Far-Out Friday: Robert Wadlow, Gentle Giant

On February 22, 1918, with war raging across the seas in Europe, Harold and Addie Wadlow of Alton, Illinois welcomed their firstborn child into the world – Robert Pershing Wadlow.  He was a little over eighteen inches long and weighed eight pounds and six ounces – a perfectly normal size and weight for a baby.  Little did his parents know, however, what the future held for their firstborn child as six months later his height had almost doubled, his weight nearly quadrupled. His height and weight steadily increased – by the third grade Robert, towering over all his classmates, was taller than his teacher.  Despite his size, however, he spent what would be considered a normal childhood – playing with friends, running a lemonade stand and joining the Boy Scouts.  The Bloomer Shoe Factory made a special pair of size seventeen shoes for eight year-old Robert. NOTE: This article is being re-purposed and may be included in a future edition of Digging History Magazine. After January 1, 2018 it can also be purchased as an individual article. If interested, please subscribe to the blog (to the right of this post) and you will be notified when the new Digging History Magazine web site is launched. Share this:Click to share on Facebook (Opens in new window)Click to share on Google+ (Opens in new window)Click to share on Reddit (Opens in new window)Click to share on Twitter (Opens in new window)Click to share on Tumblr (Opens in new window)Click to share on LinkedIn (Opens in new window)Click to share on Pinterest (Opens in new window)Click to share on Pocket (Opens in...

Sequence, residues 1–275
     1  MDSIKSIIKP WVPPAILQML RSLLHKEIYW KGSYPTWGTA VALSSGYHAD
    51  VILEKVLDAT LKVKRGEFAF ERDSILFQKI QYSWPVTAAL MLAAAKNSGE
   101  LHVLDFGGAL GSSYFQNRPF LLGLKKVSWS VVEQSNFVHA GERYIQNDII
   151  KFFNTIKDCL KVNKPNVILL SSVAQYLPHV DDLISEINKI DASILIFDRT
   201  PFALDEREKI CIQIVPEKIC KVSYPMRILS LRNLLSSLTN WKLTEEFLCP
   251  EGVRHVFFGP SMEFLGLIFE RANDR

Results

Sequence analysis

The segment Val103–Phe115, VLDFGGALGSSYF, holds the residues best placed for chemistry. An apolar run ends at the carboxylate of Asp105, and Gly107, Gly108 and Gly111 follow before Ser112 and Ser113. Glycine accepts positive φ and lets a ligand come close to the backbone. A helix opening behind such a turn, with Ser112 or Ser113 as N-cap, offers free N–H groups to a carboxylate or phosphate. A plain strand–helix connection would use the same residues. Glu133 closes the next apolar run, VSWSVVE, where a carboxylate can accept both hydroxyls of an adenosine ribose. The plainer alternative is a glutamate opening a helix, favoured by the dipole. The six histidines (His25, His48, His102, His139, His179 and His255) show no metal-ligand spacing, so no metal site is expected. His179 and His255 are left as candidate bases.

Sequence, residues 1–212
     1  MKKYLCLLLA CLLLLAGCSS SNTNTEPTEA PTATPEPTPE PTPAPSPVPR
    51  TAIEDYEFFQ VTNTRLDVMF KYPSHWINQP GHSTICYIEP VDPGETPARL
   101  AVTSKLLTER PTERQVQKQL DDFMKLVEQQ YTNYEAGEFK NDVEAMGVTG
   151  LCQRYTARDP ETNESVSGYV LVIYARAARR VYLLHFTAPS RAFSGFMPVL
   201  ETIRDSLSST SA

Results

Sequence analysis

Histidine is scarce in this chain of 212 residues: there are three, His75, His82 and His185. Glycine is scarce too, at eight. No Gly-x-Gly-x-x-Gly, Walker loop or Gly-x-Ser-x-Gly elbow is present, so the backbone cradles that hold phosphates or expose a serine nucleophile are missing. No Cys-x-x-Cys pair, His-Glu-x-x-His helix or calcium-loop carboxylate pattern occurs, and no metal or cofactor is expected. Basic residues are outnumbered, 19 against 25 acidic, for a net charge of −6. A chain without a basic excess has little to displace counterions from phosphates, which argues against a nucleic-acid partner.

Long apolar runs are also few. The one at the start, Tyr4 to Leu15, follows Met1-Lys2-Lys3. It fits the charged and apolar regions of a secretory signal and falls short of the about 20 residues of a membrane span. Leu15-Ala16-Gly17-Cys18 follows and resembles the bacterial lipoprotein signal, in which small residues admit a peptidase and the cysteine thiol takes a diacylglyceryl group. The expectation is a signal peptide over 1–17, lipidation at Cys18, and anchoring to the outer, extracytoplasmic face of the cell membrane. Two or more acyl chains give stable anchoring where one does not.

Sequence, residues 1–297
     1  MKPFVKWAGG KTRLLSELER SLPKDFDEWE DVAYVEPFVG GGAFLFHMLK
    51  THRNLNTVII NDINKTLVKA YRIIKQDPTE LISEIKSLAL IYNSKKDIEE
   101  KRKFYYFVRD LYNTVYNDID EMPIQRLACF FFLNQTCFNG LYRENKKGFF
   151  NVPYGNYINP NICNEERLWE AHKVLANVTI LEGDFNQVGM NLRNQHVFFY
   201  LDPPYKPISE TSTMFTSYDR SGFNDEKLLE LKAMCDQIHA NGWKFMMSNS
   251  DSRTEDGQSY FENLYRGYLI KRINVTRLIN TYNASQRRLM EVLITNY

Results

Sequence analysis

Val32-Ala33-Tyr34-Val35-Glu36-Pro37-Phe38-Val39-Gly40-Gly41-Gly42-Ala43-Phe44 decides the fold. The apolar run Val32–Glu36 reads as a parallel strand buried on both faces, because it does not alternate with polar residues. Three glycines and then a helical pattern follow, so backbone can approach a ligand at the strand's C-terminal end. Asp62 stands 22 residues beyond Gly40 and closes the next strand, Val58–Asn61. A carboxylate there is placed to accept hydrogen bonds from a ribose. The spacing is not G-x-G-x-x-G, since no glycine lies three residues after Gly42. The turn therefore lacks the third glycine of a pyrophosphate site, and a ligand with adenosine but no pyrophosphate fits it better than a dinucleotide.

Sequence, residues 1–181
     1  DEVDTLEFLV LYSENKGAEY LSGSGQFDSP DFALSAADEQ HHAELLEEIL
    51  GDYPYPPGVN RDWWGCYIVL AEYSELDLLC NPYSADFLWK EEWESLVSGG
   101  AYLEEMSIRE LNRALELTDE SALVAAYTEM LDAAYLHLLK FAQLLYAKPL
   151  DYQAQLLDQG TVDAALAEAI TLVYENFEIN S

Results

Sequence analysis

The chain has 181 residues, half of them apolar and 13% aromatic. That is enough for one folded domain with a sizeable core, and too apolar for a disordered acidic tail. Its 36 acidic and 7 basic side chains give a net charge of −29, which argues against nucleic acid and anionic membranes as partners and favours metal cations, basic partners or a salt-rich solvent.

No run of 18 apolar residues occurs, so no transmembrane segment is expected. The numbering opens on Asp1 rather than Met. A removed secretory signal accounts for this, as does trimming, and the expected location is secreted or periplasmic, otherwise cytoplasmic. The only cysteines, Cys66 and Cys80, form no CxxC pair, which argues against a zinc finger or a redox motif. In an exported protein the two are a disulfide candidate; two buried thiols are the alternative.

War-Time Baby Names